City officials argued they desperately needed the money. “Human trafficking is now beginning to get a foothold in Atlanta and must be stopped before it becomes entrenched,” police told Justice Department officials.
The Atlanta Police Department won a $450,000 three-year grant, and the city chipped in an additional $150,000. Two investigators and a sergeant joined forces with a Korean translator.
At first blush, the task force seemed to be a success.
The Justice Department’s Bureau of Justice Assistance reported that Atlanta police identified 216 potential victims from January 2005 through December 2006.
But this count was later revealed to be grossly inaccurate. Auditors for the Justice Department’s Office of the Inspector General could find documentation for only four victims, a July 2008 report said.
The Bureau of Justice Assistance made a mistake that added 93 victims to the count. Atlanta had actually reported 123 victims. The city could not explain the 119 that auditors couldn’t track. Police said the figures were reported by a city employee who retired before the Justice Department inquiry.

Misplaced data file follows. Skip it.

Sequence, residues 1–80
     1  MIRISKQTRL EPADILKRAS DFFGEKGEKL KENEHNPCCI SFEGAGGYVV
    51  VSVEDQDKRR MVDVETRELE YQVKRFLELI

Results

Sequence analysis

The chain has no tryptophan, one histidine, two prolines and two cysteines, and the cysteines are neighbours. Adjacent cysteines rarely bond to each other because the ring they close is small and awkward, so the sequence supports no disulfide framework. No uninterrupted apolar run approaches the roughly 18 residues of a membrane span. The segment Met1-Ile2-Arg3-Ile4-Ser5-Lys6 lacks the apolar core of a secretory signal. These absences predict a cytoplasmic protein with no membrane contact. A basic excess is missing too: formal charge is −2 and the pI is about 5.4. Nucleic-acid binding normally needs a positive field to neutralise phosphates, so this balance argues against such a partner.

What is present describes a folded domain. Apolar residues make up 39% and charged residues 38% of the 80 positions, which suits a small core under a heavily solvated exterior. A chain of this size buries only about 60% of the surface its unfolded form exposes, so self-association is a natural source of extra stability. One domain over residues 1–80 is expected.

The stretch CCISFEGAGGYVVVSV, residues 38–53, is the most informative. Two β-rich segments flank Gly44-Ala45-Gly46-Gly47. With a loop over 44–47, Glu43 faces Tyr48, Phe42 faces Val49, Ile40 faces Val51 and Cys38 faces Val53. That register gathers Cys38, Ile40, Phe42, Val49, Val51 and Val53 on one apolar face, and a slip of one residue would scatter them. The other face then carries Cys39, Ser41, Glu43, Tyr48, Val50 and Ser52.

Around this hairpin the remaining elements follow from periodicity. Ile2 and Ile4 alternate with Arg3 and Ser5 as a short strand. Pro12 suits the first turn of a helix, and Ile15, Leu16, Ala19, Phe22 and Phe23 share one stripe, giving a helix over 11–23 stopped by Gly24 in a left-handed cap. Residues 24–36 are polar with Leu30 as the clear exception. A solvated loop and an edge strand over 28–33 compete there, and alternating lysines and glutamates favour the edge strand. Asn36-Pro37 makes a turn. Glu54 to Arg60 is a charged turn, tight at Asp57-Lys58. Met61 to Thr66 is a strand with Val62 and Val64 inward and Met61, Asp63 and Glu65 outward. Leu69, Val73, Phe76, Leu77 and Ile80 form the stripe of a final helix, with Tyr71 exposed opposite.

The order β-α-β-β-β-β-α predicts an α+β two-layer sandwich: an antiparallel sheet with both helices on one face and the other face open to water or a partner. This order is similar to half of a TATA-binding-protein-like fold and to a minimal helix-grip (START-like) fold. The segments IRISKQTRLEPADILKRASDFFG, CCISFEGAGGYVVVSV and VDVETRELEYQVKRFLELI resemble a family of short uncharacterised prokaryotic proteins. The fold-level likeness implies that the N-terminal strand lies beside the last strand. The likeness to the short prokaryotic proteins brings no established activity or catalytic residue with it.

The team disbanded in 2007.
In a recent written statement to the AJC, Atlanta police conceded that the unit was "ineffective in identifying victims of human trafficking, and had not produced the expected results."
“The Atlanta Police Department came to the belief that while the issue of human trafficking is a true concern, the scope of the problem inside the city limits had declined from what was once thought during the inception of the grant,” the statement said.
Such problems weren’t unique to Atlanta. Auditors found victim over-counts by task forces across the nation, although none was as bad as Atlanta’s.